Manfred Robert Schroeder (12 July 1926 – 28 December 2009) was a German physicist, most known for his contributions to acoustics and computer graphics. He wrote three books and published over 150 articles in his field.
With Ning Xiang he was a promoter of a synchronous dual channel measurement method using reciprocal maximum-length sequences (2003). He led a famed study of 22 concert halls worldwide, leading to a comparison method requiring no travel.
Schroeder, M. R. (2009). Number theory in science and communication : with applications in cryptography, physics, digital information, computing, and self-similarity. Berlin: Springer-Verlag. ISBN 978-3-540-85297-1. OCLC 310352248.
Schroeder, M. R. (1991). Fractals, chaos, power laws : minutes from an infinite paradise. New York: W. H. Freeman. ISBN 978-0-7167-2136-9. OCLC 21522909.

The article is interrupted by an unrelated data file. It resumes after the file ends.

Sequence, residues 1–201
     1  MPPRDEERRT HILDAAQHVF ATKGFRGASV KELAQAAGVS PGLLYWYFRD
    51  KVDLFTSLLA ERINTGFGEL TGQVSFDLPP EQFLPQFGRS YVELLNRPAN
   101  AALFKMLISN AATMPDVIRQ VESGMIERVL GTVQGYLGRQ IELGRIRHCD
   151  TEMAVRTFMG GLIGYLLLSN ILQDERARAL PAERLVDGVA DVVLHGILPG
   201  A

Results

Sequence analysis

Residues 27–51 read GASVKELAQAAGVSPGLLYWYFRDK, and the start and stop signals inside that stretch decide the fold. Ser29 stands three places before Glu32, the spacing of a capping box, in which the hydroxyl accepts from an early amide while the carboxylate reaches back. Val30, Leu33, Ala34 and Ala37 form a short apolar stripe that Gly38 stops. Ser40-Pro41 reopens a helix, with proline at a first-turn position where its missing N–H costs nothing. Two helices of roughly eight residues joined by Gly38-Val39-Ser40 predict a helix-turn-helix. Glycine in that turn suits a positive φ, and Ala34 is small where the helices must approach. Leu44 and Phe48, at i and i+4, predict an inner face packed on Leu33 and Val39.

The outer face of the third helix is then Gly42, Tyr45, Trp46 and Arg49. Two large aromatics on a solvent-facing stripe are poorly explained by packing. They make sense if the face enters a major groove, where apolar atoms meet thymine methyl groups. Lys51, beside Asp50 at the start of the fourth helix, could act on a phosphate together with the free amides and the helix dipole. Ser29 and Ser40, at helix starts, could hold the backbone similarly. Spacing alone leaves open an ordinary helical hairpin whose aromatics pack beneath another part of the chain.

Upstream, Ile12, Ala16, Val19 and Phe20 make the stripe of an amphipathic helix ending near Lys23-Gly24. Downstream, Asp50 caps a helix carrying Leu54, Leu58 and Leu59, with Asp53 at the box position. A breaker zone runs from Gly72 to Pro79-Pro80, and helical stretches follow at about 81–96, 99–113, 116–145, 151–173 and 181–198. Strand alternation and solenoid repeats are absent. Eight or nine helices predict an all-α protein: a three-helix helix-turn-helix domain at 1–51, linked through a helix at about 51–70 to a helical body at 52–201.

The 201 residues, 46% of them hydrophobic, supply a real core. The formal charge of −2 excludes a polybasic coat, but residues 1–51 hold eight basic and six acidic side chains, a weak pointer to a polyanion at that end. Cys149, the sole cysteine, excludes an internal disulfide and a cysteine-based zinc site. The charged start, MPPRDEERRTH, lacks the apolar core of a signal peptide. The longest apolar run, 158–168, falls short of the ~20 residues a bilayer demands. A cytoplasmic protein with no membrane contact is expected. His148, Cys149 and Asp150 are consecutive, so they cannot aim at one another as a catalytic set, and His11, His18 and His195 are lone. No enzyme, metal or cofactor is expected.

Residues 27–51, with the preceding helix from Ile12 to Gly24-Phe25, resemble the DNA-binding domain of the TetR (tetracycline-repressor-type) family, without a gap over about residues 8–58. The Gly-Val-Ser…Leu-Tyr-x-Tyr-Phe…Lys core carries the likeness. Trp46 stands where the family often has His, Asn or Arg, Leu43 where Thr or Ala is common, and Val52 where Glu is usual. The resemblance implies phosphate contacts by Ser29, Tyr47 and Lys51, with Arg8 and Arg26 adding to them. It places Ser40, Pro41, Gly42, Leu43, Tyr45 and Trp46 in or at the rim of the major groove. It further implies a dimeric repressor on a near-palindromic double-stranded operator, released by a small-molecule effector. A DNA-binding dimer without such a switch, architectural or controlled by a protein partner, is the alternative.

Schroeder, Manfred (1999). Computer Speech : Recognition, Compression, Synthesis. Berlin, Heidelberg: Springer Berlin Heidelberg Imprint Springer. ISBN 978-3-662-03861-1. OCLC 859587894.
Hundert Jahre Friedrich Hund: Ein Rückblick auf das Wirken eines bedeutenden Physikers (1996)
Awards and honors
1969 First Prize at the International Computer Art Competition for his application of concepts from mathematics and physics to the creation of artistic works.
Gold Medal from the Acoustical Society of America (1991), for "theoretical and practical contributions to human communication through innovative application of mathematics to speech, hearing, and concert hall acoustics".
^Ning Xiang and Gerhard M. Sessler:Xiang, Ning; Sessler, Gerhard M, eds. (2015). Acoustics, Information, and Communication -- Memorial Volume in Honor of Manfred R. Schroeder, Springer 2014. doi:10.1007/978-3-319-05660-9. ISBN 978-3-319-05659-3.
^Schroeder, M. (1981). "Direct (nonrecursive) relations between cepstrum and predictor coefficients". IEEE Transactions on Acoustics, Speech, and Signal Processing. 29 (2): 297–301. doi:10.1109/TASSP.1981.1163546.